Awards & Engraving

March '18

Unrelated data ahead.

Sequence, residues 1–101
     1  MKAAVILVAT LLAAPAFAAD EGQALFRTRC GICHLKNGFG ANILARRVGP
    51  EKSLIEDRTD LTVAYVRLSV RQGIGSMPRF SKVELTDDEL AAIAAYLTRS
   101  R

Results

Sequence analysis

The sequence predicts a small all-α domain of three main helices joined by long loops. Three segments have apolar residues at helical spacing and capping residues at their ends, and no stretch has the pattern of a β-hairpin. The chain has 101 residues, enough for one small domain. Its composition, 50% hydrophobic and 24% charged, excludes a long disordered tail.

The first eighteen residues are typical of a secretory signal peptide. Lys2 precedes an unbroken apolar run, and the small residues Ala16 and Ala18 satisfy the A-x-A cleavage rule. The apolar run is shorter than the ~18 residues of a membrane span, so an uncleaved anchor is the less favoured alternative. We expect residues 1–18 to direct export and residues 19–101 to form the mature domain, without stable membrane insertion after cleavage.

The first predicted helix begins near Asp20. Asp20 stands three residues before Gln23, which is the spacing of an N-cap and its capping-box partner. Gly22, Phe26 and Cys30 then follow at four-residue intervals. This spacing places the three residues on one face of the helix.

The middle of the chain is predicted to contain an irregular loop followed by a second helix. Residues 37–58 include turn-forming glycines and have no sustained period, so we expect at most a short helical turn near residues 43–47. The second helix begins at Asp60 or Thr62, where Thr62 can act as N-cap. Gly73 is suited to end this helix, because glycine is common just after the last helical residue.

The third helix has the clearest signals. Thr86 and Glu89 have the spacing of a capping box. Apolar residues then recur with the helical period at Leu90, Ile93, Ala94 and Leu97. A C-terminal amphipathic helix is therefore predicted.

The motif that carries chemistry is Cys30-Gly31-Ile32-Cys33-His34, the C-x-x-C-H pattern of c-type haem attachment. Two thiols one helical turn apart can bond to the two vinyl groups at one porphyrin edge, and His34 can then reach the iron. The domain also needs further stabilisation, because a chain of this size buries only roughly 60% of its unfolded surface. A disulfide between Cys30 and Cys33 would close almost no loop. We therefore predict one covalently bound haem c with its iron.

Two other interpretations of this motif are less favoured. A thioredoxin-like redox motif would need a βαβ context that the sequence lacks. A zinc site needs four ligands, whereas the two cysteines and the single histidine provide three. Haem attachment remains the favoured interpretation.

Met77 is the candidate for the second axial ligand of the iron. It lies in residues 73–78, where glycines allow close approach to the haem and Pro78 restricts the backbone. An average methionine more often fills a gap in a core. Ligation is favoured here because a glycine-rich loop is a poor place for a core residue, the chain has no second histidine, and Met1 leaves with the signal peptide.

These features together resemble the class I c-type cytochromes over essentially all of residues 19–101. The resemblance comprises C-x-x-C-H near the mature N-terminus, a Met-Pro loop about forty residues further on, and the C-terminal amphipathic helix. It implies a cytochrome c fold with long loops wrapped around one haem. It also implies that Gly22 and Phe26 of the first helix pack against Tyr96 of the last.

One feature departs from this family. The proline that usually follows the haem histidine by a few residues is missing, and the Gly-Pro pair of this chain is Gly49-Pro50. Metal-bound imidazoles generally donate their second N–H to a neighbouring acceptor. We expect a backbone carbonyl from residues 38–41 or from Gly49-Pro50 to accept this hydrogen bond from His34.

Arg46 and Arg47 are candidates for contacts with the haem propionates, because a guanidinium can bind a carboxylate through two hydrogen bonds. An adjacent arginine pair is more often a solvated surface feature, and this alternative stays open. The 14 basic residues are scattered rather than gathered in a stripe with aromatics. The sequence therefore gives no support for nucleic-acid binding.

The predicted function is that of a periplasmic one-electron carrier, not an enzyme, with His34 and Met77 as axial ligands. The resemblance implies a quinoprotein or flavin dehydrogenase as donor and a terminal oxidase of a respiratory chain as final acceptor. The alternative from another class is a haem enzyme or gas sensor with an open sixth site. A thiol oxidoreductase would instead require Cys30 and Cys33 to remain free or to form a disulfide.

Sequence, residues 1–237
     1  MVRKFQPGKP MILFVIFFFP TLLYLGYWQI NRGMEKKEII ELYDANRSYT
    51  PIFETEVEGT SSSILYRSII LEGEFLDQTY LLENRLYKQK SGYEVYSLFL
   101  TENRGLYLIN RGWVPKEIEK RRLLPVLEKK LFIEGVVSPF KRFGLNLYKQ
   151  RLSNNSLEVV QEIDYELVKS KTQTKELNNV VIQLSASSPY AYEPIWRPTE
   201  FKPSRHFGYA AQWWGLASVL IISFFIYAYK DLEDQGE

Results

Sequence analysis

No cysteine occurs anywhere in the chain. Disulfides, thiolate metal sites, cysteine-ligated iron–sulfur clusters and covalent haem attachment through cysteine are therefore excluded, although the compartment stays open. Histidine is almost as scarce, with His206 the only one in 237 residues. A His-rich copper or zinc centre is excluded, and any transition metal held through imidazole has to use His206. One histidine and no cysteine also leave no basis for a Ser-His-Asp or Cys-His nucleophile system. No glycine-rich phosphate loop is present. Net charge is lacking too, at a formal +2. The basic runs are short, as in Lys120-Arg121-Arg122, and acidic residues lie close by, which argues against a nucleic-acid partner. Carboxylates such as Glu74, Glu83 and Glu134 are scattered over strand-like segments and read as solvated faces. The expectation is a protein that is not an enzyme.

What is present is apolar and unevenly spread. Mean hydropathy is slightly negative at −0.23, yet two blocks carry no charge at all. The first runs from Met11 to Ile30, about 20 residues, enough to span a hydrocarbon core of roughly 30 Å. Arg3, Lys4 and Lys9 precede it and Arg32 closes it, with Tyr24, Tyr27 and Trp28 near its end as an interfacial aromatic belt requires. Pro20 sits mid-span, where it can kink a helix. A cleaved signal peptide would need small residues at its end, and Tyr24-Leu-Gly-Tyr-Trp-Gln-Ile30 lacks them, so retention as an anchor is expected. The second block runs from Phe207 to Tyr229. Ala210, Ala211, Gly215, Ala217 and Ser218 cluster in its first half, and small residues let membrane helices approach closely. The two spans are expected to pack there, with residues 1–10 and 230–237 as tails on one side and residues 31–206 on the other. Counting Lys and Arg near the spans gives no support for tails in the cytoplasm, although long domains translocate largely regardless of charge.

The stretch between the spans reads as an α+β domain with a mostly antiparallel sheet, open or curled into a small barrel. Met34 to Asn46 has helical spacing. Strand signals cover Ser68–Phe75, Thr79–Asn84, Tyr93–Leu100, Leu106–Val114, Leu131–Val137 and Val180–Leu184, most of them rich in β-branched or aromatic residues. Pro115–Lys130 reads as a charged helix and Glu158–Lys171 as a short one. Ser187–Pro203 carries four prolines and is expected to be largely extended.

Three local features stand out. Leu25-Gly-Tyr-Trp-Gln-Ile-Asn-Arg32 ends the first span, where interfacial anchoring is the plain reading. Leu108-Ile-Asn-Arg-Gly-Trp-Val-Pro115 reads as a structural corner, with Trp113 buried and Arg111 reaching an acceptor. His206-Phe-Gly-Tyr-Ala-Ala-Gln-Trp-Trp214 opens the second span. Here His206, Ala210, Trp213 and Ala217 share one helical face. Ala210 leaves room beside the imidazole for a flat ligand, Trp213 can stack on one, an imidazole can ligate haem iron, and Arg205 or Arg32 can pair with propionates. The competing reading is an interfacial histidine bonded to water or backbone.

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26 • A&E MARCH 2018 regional mortuaries and crematories. He offers a service to handle engraving for his clients. I engrave for him, as well as directly for his clients. We keep a small inventory of his urns on hand (at his expense) so I can handle rush orders efficiently. Note: Rush orders lead to a larger number of errors. Making errors on urns can be costly. Internal proofing and proofing with your clients is important. I often check names and dates that don't look correct with my client or I can often find the information online at their websites. I offer photo engraving and have pro- vided my urn maker, and the crematories and mortuaries, a catalog of appropriate graphics and font choices. I also receive plenty of requests for custom graphics and specific fonts. If you get into this niche, be prepared for a substantial volume of rush orders, some for lasered photos. I have made myself available on weekends and holidays for emergencies—the urn niche can be challenging but profitable. Memorial products are not only a market focused on families; businesses, non-profits, and government agencies also memorialize special people. People memo- rialized include employees, founders, long- time volunteers, board members, and even special customers and clients. I have worked with organizations that have created gardens, pathways, hallways, dedicated conference rooms, and even turned major equipment into memorials. Products include cast metal plaques, garden plaques on posts, metal plates, photo plaques, and even shadow boxes. City and county governments build veteran and fallen hero memorials typi- cally requiring sandcarved, lasered, and cast metal products. Fallen hero memorials include police officers and firefighters as well as soldiers who have made the ultimate sacrifice. These large outdoor memorials are a niche that takes a great deal of knowledge and experience to build a business around. There are businesses who specialize in this memorial niche, but you must examine your own market to determine if it's worth looking into for your business. MEMORIAL FUNDRAISERS Non-profits may be interested in cre- ating memorial fundraisers. A good example of a memorial fundraiser project is a book store that sells used books to support the city library. They have made bookshelves available to memorialize in the name of a loved one that has passed. Each bookshelf has a plate on it. A plaque at the front of the store may also list names that have been memorialized. For example, we used a large perpetual plaque for a similar project so it could be easily added to. Offering sugges- tions and ideas for fundraisers helps dif- ferentiate your shop from your competitors. PHOTOS Photos always offer their own set of challenges. We all want to provide our clients with at least satisfactory, if not A cast plaque for a high school honoring a graduate who made the ultimate sacrifice in the USMC. A plaque with a lasered photo of a volunteer supporting the creation of a fund to raise money for books.

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